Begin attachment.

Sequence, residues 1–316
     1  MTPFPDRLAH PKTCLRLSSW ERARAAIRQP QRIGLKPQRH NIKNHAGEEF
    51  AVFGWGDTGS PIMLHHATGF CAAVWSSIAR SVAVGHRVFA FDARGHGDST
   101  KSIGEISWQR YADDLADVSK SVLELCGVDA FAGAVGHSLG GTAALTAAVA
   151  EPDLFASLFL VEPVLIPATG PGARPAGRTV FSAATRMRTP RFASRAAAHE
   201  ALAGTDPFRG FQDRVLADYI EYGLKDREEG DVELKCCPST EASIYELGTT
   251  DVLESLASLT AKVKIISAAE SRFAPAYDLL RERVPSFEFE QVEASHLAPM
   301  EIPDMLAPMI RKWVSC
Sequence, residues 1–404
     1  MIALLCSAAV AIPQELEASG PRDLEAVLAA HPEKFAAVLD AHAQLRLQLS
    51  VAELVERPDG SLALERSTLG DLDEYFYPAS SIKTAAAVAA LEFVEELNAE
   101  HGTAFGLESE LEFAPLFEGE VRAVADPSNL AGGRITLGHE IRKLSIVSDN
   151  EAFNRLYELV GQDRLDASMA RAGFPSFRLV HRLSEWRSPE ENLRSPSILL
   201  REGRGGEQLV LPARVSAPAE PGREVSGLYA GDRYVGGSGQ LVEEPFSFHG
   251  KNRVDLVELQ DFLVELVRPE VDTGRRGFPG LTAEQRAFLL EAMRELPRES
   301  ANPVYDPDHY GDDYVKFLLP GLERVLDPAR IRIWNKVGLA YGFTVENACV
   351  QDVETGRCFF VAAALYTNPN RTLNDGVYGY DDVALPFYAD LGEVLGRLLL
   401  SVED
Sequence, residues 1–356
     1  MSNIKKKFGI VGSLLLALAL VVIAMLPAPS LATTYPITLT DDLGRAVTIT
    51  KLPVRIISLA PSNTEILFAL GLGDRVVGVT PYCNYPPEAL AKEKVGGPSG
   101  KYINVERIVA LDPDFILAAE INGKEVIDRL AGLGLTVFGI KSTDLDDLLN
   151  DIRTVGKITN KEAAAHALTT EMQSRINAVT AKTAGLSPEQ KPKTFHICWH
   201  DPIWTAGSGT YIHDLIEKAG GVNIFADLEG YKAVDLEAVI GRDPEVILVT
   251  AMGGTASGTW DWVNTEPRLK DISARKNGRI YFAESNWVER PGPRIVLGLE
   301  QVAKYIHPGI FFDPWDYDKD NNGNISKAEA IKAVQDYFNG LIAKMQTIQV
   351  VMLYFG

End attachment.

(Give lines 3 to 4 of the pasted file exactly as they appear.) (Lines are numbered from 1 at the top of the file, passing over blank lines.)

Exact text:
    51  AVFGWGDTGS PIMLHHATGF CAAVWSSIAR SVAVGHRVFA FDARGHGDST
   101  KSIGEISWQR YADDLADVSK SVLELCGVDA FAGAVGHSLG GTAALTAAVA